*Vitamin C. After many years of experimentation, I believe a key lime w/ 25 mgs of Vit C is the absolute best source for natural vitamin C and there is no need to pay for 500 mg or a1,000 mg pills, and it is still not as effectively absorbed as a key lime, I squeeze 1/2 of one in every glass of water as well as use them on a lot of foods like avocados and melons. It comes out to 2-3 limes a day.
*Sriracha sauce or other source of red chiles is powerful medicine. Nothing has more Vitamin C. Keep a can of cayenne in the first aid kit. Powdered cayenne will stop bleeding when packed on the wound, and given internally, will stop a heart attack in its tracks. Red peppers relax the blood vessels immediately and are also the most potent form of Vitamin C known.
Herbs are beautiful things and a little herbal knowledge is easy to pick up. Herbs do not usually target one symptom , but are best used as tonics for systems- like dandelion tea for the liver.
There are some easy books in health food stores and ex CSers may find that herbs are an excellent alternative to the strong, fast acting, patent medicines. Herbs are great for chronic illnesses, like a bad heart, a messed up liver or digestive system, and for other excesses of modern life. With a few exceptions, like echinacea on an insect bite, they do not work fast but are great for chronic ailments and are like part of the diet. They should be thought of as food- greens specifically, or roots, even though one takes them in capsules today. In the old days is was taken as horrible tasting teas.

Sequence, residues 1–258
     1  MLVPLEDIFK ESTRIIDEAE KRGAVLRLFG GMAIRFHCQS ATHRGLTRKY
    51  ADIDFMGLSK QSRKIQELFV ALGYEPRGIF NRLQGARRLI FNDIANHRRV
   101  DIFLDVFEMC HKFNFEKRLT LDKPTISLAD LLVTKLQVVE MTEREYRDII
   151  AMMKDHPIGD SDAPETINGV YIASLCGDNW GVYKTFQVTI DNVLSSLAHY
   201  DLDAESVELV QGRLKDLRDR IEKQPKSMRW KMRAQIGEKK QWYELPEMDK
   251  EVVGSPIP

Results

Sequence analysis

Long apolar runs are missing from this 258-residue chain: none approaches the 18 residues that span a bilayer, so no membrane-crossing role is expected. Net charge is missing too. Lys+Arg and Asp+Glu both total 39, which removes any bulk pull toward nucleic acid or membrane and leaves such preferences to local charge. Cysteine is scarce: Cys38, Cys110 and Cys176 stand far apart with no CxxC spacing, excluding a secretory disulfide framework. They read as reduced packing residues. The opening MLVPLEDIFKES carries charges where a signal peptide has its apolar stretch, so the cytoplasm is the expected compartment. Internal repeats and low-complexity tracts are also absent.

Herbs can come in capsules of the ground-up herb or liquids extracted from the herbs with alcohol or glycerin, and many are left as is and make good, delicious, teas like
*Chamomile tea for upset tummies and even colic in babies. It is served everywhere in Mexico and is very benign. It helps tummy upsets and may be preferable to taking a patent medicine. too. It is high in calcium which is thought to be relaxing.
*Red raspberry tea is the absolute best help for menstrual cramps- forget Midol -it is a combination of patent medicines, which in my opinion should be taken separately, not combined, as the bottled version may not have the correct proportions of ingredients for your own system.
*Liquid extract of echinacea for insect bites. It gives instant relief when a drop is applied to a bite. It is also a good herb for when you are coming down with something like a cold- it may boost the ability to fight the cold,
*Liquid golden seal is good for mild infections like a sore throat and it believed to be potentiated by adding echinacea. They seem to boost the immune system more than work on symptoms..
.Also for teething, there is nothing like Hylands teething remedy. It is homeopathic but it works like a dream in children. A little sugar pill really, and very, very inexpensive.
I just wrote this off the top of my head, but as an ex-Christian Scientist, I vastly prefer the natural remedies and knowledge of plants for food and medicine as many plants overlap.
In fact, I just added this as a category because it is an area in which I know a bit and am enthusiastic about.